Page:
A growing number of health care experts disagree with the Trump administration that the Health Insurance Marketplace is failing. Here are four claims it has used in support of repealing the Affordable Care Act (ACA), and the facts that refute these claims. While local market characteristics vary, these data—including new analyses on 2017 Marketplace performance—paint a different picture than is presented by the Trump administration.
The Claim: Insurance companies are losing money in the failed Marketplace.
- “Obamacare marketplaces just had their most profitable first quarter ever.” (Washington Post)
- In 2016, individual market insurers substantially narrowed the gap between premiums and costs. And a new government report showed that the risk pool improved from 2015 to 2016. Data analyzed by the Kaiser Family Foundation from the first quarter of 2017 show that gross margins per enrollee are twice as high now as they were before the implementation of the major Affordable Care Act policies (see Figure 1). In fact, the average medical loss ratio (share of premiums spent on health care and quality) is lower than before the ACA was implemented (75 percent compared to 79 percent for the first quarter in 2017 compared to 2011). This is the opposite of the Marketplace “exploding.”
The Claim: Enrollment is plummeting due to unaffordable Marketplace premiums.
- “Obamacare signups down 500,000 from last year, but premiums up by just $1.” (USA Today)
- While 2017 enrollment declined by 4 percent compared to 2016, the Trump administration’s sudden disruption of marketing during open enrollment rather than premium increases could have caused this drop. The vast majority of those who signed up for 2017 Marketplace coverage qualified for premium tax credits. Taking those tax credits into account, the average monthly premiums—according to a report by the Trump administration—did not increase between 2016 and 2017 (see Figure 2). The increase was only a $1 for those choosing a silver plan. At the end of Open Enrollment this year, 8.7 million Marketplace enrollees were receiving premium tax credit, protecting them from any large rate increase. Only about 1 million of the 1.6 million not receiving a tax credit live in states where premiums increased by more than 10 percent for 2017. These enrollees represent less than 1 percent of non-elderly people with private health insurance in the United States.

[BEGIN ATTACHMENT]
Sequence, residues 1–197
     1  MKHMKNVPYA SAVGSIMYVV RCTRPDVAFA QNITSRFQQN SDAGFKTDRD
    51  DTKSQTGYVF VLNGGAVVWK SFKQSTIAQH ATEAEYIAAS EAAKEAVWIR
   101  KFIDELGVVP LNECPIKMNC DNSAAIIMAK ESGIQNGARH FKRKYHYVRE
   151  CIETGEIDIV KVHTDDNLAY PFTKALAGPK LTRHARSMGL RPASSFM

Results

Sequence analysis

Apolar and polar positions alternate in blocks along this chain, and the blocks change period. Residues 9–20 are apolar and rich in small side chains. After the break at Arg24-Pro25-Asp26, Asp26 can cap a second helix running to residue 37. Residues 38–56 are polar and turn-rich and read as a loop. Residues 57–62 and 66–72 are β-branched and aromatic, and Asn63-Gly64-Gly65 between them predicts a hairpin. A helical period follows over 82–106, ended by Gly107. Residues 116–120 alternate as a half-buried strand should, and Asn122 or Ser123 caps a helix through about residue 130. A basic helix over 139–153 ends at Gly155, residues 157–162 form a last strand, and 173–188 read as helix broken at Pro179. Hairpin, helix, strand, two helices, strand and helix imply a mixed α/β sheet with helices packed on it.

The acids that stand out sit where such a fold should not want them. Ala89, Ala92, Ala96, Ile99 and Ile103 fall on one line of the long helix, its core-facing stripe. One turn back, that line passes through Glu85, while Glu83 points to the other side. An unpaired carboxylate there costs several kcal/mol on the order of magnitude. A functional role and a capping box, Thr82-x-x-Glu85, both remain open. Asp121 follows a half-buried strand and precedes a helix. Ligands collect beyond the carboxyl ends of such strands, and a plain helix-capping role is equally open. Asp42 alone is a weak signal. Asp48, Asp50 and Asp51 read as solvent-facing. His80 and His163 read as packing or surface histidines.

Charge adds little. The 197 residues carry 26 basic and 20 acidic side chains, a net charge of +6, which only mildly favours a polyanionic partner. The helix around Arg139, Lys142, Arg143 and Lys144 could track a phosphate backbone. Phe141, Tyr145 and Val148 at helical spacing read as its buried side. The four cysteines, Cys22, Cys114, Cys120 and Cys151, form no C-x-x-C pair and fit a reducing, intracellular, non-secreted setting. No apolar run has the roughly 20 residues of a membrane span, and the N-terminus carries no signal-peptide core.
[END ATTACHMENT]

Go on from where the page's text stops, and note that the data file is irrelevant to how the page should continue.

The Claim: Next year, premiums will skyrocket and insurers will drop out of the Marketplace because the law is failing.
- “Health insurers plan big Obamacare rate hikes—and they blame Trump.” (LA Times)
- Insurers and insurance commissioners alike blame Republicans—not ObamaCare—for uncertainty leading to higher premium and lower participation in 2018. For example:
CEO Blue Cross Blue Shield of North Carolina, May 26, 2017: “The failure of the administration and the House to bring certainty and clarity by funding CSRs has caused our company to file a 22.9 percent premium increase, rather than one that is materially lower.”
Insurance Commissioner, Pennsylvania, June 1, 2017: “The absence of certainty regarding market parameters, and in particular those with direct financial consequence, magnify the risks of market participation in a way that issuers and regulators cannot ignore.”
Insurance Commissioner, Tennessee, May 12, 2017: “It’s that instability, that uncertainty, the insurers hate the most. They are going to price for that.”
The Claim: The Senate bill will save the Marketplace.
- “How the Senate bill could send the health insurance market into a death spiral.” (Washington Post)
- Perhaps the biggest myth of all is that the Senate bill would stabilize the Marketplace. The Congressional Budget Office (CBO) projects that coverage would go down and premiums would go up next year under the legislation (See Figure 4). And while premiums would go down in 2020, cost sharing would go up and instability would increase. Additionally, CBO states, “…because of this legislation, at least for some of the years after 2019—no insurers would participate in the nongroup market or insurance would be offered only with very high premiums. Some sparsely populated areas might have no nongroup insurance offered because the reductions in subsidies would lead fewer people to decide to purchase insurance—and markets with few purchasers are less profitable for insurers.” On a comparable basis, premiums in 2026 would be 9 percent higher under the Senate bill.